6.8 SPC Hunter Public Service Announcement

This hunting season has been pretty exciting at the Kee Ranch. Nick took his first silenced kill. Dan got his first buck ever. And most recently, my cubemate also got his first buck (more to come on that). Adding to the excitement is the plethora of different calibers used during the 2012 season. Nick used his .300 BLK with a 125 gr. Nosler bullet, Dan used my .243 WIN with a 95 gr. Winchester Ballistic SilverTip. My cubemate used his 6.8 SPC equipped AR 15 shooting Sellier & Bellot 110 gr. Polymer Spitzers. And that’s where we ran into some issues . . .

Simply put, that bullet out of that gun sucked. As an animal lover who hates to see suffering, I’m pissed about it. I don’t enjoy the actual act of killing. I enjoy all the other aspects of hunting, but killing is my least favorite part. And not to go all Motor City Madman, but I believe deeply in the spiritual aspect of taking game from nature. My family has always prayed over the animal before beginning the field dressing process and given thanks when we eat or share the meat we have.

So when I walk over to an animal and it isn’t stone cold dead, that upsets me greatly. And in this case I put the blame squarely on bullet selection. My coworker made an excellent high neck shot about 3 inches below the Foramen Magnum which should have taken out the arteries and veins leading to and from the brain, as well as destroying the central nervous pathways. This is why I’ve advocated for the neck shot in the past. The high neck is a dense area for nervous system and blood pathways. And with a properly expanding bullet, that deer should have gone down and been dead by the time I got there.

So here’s your PSA: in a one-shot study, 6.8 SPC out of an 18″ barrel using a Sellier & Bellot 110 gr. Polymer Spitzer failed to expand adequately and subsequently caused the undue suffering of a whitetail buck. Consider yourself warned.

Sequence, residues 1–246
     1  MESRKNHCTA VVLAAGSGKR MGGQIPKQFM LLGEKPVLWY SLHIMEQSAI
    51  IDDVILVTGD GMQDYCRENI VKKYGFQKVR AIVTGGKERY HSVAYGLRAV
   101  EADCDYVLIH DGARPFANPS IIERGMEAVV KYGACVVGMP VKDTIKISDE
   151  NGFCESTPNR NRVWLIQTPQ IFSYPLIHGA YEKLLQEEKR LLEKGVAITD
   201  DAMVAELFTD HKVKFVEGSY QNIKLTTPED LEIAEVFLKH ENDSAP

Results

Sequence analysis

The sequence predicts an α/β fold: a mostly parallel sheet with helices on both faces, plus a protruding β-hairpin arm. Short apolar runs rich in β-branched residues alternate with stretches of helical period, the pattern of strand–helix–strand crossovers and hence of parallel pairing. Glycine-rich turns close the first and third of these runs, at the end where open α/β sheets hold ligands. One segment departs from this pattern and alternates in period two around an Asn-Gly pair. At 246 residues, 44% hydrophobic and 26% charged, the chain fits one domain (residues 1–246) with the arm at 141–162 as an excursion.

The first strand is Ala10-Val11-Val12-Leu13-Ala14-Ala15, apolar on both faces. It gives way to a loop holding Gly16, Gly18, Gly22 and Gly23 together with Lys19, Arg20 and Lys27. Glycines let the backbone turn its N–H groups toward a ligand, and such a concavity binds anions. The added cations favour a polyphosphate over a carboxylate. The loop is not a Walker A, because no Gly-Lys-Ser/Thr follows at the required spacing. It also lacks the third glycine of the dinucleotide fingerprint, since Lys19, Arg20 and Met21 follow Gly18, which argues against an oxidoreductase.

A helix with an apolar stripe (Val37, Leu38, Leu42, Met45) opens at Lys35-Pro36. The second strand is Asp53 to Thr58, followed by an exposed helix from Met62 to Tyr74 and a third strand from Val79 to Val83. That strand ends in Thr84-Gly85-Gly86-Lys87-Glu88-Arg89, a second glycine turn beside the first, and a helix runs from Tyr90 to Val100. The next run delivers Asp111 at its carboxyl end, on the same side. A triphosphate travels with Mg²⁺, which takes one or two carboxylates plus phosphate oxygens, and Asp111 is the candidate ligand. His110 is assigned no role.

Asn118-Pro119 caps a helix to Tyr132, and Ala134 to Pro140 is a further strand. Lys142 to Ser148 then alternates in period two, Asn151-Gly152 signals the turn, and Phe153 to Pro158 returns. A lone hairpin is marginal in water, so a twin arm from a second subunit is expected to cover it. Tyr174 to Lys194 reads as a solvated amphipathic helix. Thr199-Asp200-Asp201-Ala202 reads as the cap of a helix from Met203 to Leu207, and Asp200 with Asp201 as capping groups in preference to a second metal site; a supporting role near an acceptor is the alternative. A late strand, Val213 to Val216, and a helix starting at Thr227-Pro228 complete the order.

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About Tyler Kee

Tyler Kee is a small town kid trying to make it in the big city of Austin, TX. A salesman by day, he is an avid motorcyclist and aspiring chef out of the office.

48 Responses to 6.8 SPC Hunter Public Service Announcement

  1. avatarAlmon says:

    .223 70Grain HP’s not a problem. It’s all about shot placement and practice.

  2. avatarNathan says:

    That sucks. Beautiful animal, lame that it suffered. Any reason he didn’t use a “proper” (by which I mean big name) hunting bullet?

    • avatargloomhound says:

      What does this have to do with anything?

      • avatarTTACer says:

        Not to be a snob, and I don’t know S&B well enough to cast aspersions, but it is possible that that cheap cartridge might be undercharged or inconsistent.

      • avatarCarrymagnum says:

        If you have to ask, you’ll never understand. Compassion guy. Compassion.

    • avatarSid says:

      I may be missing the contextual clues to your sarcasm. Sellier & Belliot bullets have taken animals on every continent. It may not be as readily recognized at this moment as Hornady, but it is a well established hunting line.

      Without more data, it is impossible to know what went right or wrong on this shot. Wrong entry angle, bad point of impact, abnormality in the animal, wrong bullet selection, etc…. The deer died. The bullet did it. That is about all we can say for certain.

  3. avatarWade says:

    Last week I was hunting mule deer in the Davis mountains in west texas and had a similar incident. I was using a .300 Win Mag with Hornady 180 grain SST ammo. The rifle had previously dropped 2 hogs and 1 whitetail buck with no hitch, bothe were stone dead before they hit the ground.
    This time though, I was forced to take an uncomfortably close shot, right at 50 yards.
    He was facing me so I shot him just under the chin, in the throat patch. He dropped, and was bleeding profusely, but still had to be coaxed into expiration.

    My point is; the neck CAN sometimes be a hit-or-miss target even with a big .300 Win Mag, since the spinal column is a pretty small target. I’ve seen a few deer shot in the neck run 300 yards before blood loss took it’s toll, and one even recovered and walked around for another year with 2 .270 caliber scars in his neck.

    • avatarTyler Kee says:

      It is also very likely that at 50 yards, your .300 Win Mag bullet is outside of the velocity range it was designed for to expand properly. I have had some shots at 50 yards with a .243 WIN that zipped right through without expanding at all.

      Always a shame when that happens.

    • avatarirock350 says:

      I agree that the neck is a dicey proposition at best, my beloved Winchester 94′ 30-30 usually doesn’t fail to make nice clean kills but, I have taken a couple of neck shots and one head shot that weren’t enough to take the target to the ground. That is the nature of hunting, the kill is just as unpredictable as the game itself. Bow hunting can be just unpredictable and the miss/hit margin is wider.

    • avatarAzman says:

      I’m very curious here. 50 yards is uncomfortably close? Isn’t close better?

      • avatarWade says:

        Being in the mountains and plains of West Texas, most hunters kill deer at long distances, usually around 400 yards. I had my rifle zeroed at 300, so I had to aim a few inches low at 50 yards.

  4. avatargloomhound says: